Engineer finds internal waves to explain variables in weather forecasting
Have you ever woken up to a sunny forecast only to get soaked on your way to the office? On days like that it's easy to blame the weatherman.
But BYU mechanical engineering professor Julie Crockett doesn't get mad at meteorologists. She understands something few people know: it's not the weatherman's fault he's wrong so often.
According to Crockett, forecasters make mistakes because the models they use for predicting weather can't accurately track highly influential elements called internal waves.
Atmospheric internal waves are waves that propagate between layers of low-density and high-density air. Although hard to describe, almost everyone has seen or felt these waves. Cloud patterns made up of repeating lines are the result of internal waves, and airplane turbulence happens when internal waves run into each other and break.
One such example may have happened in 2011, when Utah meteorologists predicted an enormous winter storm prior to Thanksgiving. Schools throughout the state cancelled classes and sent people home early -- then nothing happened. Though it's impossible to say for sure, internal waves may have been driving stronger circulations, breaking up the storm and causing it to never materialize.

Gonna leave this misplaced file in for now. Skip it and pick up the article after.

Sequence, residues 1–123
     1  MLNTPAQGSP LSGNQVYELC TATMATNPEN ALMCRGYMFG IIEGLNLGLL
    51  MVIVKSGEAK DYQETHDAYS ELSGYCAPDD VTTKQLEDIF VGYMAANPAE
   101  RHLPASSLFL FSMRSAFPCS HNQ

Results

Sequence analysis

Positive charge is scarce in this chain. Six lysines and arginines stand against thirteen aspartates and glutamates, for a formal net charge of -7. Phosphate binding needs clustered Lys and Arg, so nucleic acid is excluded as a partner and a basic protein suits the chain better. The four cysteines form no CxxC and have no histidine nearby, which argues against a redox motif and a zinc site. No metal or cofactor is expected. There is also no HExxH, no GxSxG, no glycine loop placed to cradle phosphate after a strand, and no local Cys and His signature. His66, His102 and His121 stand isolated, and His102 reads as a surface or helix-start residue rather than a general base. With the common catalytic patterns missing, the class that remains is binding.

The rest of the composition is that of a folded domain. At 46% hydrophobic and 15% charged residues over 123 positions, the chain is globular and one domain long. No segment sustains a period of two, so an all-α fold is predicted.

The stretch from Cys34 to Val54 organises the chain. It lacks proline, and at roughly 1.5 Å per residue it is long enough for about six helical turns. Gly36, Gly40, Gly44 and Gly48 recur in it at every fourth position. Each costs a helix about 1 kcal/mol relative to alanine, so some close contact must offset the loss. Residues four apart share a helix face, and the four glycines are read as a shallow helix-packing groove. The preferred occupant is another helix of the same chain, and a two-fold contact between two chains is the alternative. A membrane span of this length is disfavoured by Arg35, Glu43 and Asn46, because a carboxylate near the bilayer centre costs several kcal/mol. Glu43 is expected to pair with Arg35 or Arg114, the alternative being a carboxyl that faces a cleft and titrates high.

Internal waves also exist in oceans between layers of low-density and high-density water. These waves, often visible from space, affect the general circulation of the ocean and phenomena like the gulf stream and jet stream.
Both oceanic and atmospheric internal waves carry a significant amount of energy that can alter climates.
Crockett's latest wave research, which appears in a recent issue of the International Journal of Geophysics, details how the relationship between large-scale and small-scale internal waves influences the altitude where wave energy is ultimately deposited.
To track wave energy, Crockett and her students generate waves in a tank in her lab and study every aspect of their behavior. She and her colleagues are trying to pinpoint exactly how climate changes affect waves and how those waves then affect weather.
Based on this, Crockett can then develop a better linear wave model with both 3D and 2D modeling that will allow forecasters to improve their weather forecasting.
Coming up ...
WINTER 2013 CAREER & INTERNSHIP FAIR: 10 a.m. to 3 p.m.; Wilkinson Student Center Ballroom. About 100 companies are registered to recruit during the January Career Fair. To help you get ready: research the companies, polish your resume and hone your networking skills. Check out the University Career Services website (ucs.byu.edu). This event is free.